In study after study, several treatments have been shown to work in treating Post Traumatic Stress Disorder. One of them, an approach called "prolonged exposure therapy," is effective about 80 percent of the time.
But new research claims that the majority of those suffering PTSD are not receiving this therapy.

The University of Pennsylvania's Edna Foa, one of the world's leading trauma researchers, developed prolonged exposure therapy 20 years ago. In simple terms, it exposes patients to triggers that flood them with memories of their trauma, and coaches them to alter their reactions.

Though Foa's approach has been validated in international and large-scale studies, her latest research shows that it's still not really being used.

Foa says therapists may be reluctant to embrace prolonged exposure because it may feel rigid.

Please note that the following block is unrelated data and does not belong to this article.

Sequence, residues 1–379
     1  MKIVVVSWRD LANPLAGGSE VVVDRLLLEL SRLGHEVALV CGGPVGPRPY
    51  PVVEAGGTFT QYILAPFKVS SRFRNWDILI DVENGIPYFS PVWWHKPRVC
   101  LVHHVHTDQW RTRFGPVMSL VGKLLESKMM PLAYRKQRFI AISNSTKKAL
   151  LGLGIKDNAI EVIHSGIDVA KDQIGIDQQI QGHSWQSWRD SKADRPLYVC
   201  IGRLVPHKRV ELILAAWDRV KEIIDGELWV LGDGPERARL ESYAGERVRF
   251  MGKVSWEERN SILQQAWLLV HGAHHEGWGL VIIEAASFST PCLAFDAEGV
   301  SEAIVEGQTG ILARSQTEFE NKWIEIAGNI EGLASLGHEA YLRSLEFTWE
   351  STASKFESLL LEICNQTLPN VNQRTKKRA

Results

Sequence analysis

"You have an agenda and you have to follow that agenda, and you have to be disciplined, and the patient has to be disciplined," explained Foa.

Psychologist Seth Gillihan of Haverford College co-authored the new study. He says most PTSD patients receive talk therapy and other treatments that have not been researched enough to show that they work in treating this disorder.

Gilihan says "seeing is believing" for many therapists who may be reluctant to change their approach.

"Once clinicians have first-hand experience of how effective these treatments are, then they become excited about the treatments and willing to use them and unwilling to use something that's not going to be as effective," he said.

Getting widespread adoption of successful treatments is a challenge in the mental health field, Foa said. She says she has had success, however, in the Veterans Affairs system, where close to 5,000 therapists have been trained on this approach.

Foa says she is now studying how to best train therapists and get health-care systems to adopt evidence-based treatments.